Now, I was a kid with the weakest of bladders. A thimbleful of Kia-Ora would send me galloping for the nearest lavvy or bush. So when a moment of desperation struck and the nearest loo was still six junctions away, or when I was bored of watching the kids opposite sampling the contents of the ashtray. . .

I would vanish.

I would climb through the hatch in my head and I would wander. As a teenage girl my imagined journeys were usually set in the distant past and involved darkly handsome young men, often wearing breeches and riding boots, always windswept, sometimes standing on a moor.

These young men were very macho whilst still gorgeous in a John-Taylor-from-Duran-Duran sort of way. They’d have the kind of unhinged passion for me and the contents of my corset that as a woman of mature years would have me hoisting up my petticoats, legging it across said moors and barricading myself inside the nearest shepherd’s hut until the local constabulary had carted my beau away to somewhere small and padded.

Being an ESCAPE ARTIST has prevented me from going bonkers over the years, I’m sure, and I still do it now. What else is writing, but an escape into other worlds and other heads?

And along the way, I can explore different sides of myself. The repressed bitch, the brave adventurer, the self-confident go-getter. And even the me that rather enjoyed being hunted down by a deranged, tousle haired, horny man with amazing cheekbones who looked fabulous in jodhpurs.

*Boob tube: not the American meaning (a TV set) but the Brit one, in other words an elasticated top – or instrument of torture, as I prefer to think of it. It has no straps, but rows of very fine elastic as its only means of staying in place. You spend all your time yanking it skywards so as not to expose your puppies to the neighbours, and once you take it off, said breasts are tattooed with lines as if someone’s tried to push your chest through one of those wire egg-cutters you see advertised in magazine supplements.

Books in the Blood #3 The Lion, the Witch and the Wardrobe


I’ve always loved fantasy.

I don’t just mean sword and sorcery, Lord of the Rings and Game of Thrones. What I really love is when fantasy and reality weave together so you don’t know where the frozen fish aisle in Asda ends and the Yellow Brick Road to Oz begins.

I never wanted to read books based in the real world, unless they’re set at least a hundred years ago and everyone in it was wearing breeches or petticoats and either giggling behind fans or pooing in the street.

If you have the patience to stick with this thread – and I’ll endeavour to make it entertaining enough that you will – you’ll see what I yearned for most as a kid was ESCAPISM*. When I was young, the Berlin Wall was still up, the Cold War was still many degrees below zero and nuclear threat was very much a real and present danger.

I remember the delightful Protect and Survive pamphlet plopping through our letterbox, a piece of light reading that shared the comforting knowledge that you can make a bomb shelter from one of your interior doors. If I remember, you had to prop the door against the wall to form a prism-shaped cavity to hide in – wood panelling and gloss paint being renowned protection against a nuclear blast and subsequent fallout.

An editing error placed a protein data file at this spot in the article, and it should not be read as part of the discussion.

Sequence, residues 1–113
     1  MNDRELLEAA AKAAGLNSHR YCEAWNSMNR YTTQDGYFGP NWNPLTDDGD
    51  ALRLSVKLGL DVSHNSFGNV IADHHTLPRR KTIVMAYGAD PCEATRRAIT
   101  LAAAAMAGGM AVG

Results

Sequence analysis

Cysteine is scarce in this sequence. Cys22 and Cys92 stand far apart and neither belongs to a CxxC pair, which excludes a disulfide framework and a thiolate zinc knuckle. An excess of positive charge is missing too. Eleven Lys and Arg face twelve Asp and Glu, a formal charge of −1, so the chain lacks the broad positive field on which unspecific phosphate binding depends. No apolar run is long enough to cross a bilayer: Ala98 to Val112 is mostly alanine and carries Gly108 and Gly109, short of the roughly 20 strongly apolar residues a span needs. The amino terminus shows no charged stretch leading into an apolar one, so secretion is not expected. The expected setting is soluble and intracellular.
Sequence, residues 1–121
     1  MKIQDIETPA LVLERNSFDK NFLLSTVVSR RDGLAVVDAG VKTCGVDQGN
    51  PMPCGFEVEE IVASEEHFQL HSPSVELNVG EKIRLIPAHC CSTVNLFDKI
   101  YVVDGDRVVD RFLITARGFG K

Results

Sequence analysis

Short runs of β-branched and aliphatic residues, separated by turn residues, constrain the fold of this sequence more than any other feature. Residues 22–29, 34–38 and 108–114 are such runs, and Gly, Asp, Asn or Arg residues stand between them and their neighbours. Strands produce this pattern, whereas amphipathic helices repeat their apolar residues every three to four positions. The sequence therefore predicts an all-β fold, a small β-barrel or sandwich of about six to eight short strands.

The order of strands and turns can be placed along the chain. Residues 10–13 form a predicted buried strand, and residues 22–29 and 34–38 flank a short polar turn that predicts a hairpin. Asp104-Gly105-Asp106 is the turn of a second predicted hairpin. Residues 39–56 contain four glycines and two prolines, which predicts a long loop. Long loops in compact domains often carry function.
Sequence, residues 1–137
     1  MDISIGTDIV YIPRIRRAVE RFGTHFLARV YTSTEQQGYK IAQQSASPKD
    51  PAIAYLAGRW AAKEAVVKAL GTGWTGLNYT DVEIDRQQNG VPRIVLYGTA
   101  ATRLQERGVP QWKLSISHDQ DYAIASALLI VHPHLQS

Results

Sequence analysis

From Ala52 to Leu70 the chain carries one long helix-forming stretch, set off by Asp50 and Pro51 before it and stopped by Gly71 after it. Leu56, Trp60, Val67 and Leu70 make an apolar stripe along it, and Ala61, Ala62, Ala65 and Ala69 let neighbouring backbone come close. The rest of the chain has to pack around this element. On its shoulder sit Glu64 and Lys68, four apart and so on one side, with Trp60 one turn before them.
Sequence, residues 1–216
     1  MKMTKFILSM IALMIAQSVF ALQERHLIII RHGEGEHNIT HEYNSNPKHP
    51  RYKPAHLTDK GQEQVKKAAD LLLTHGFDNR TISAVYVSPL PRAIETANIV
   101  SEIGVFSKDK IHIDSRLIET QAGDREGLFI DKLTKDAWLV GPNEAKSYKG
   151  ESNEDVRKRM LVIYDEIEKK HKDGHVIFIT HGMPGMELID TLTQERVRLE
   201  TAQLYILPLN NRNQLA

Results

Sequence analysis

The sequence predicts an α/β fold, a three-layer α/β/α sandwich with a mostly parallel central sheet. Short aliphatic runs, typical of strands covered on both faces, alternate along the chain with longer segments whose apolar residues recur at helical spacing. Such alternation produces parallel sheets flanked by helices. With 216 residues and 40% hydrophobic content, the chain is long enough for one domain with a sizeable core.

From Sting’s Russians, Frankie’s Two Tribes and Raymond Briggs’ wonderfully terrifying When the Wind Blows, nuclear Armageddon seeped into popular culture as a kind of morbid entertainment, there to distract us all from the horrors of jelly-bean shoes and Kajagoogoo. I was convinced I wouldn’t make it out of my teens before my hair and teeth were dropping out from radiation sickness whilst the Queen and Margaret Thatcher ate tinned peaches and played backgammon in their bunker under Whitehall.

The worst for me was Threads (think a typically pessimistic English version of The Day After), a TV programme based around a nuclear strike on Sheffield. The theory was that the Russians, overcome with jealousy over the northern town’s steel making heritage, wanted to finish off Sean Bean before he could wear a breastplate and cut through Orcs with his Yorkshire accent (I know, he killed them with his sword, not his accent, but he’s a talented guy, I bet he could if he tried).

Okay, you got me, the Russians in the film were supposedly aiming for a NATO base, not a young Sean Bean, but the fallout was the same. The programme showed Sheffield turned to a wasteland and the people of Buxton in Derbyshire (where I lived at the time) dying slowly, horribly, starving to death as bits of them rotted and fell off.

Is it any wonder I retreated into fantasy?

One book in the genre that I loved was The Lion, the Witch and the Wardrobe by C.S.Lewis.

Filled with fauns, talking lions, Turkish delight and Ice Queens, it ticked every magical box for me. A wondrous Otherworld you can reach just by walking into a wardrobe? Check. A snow-covered landscape where it’s always winter but never Christmas? Check. Mythical creatures that serve afternoon tea and cake before crackling open fires? Check. It was every plump daydreamer’s idyll.

Years later, I’d feel cheated when I discovered Aslan and his journey from freedom fighter through self-sacrificial hero to resurrected figurehead was a way to teach the story of Christ to young children (I like my magic pagan) but you can’t deny the strength of Lewis’s imagination and his storytelling powers.

*Environmental catastrophe, austerity, religious extremism, global terrorism. . . Thank goodness for George R.R. Martin’s Westeros – a modern day Narnia and Great Escape.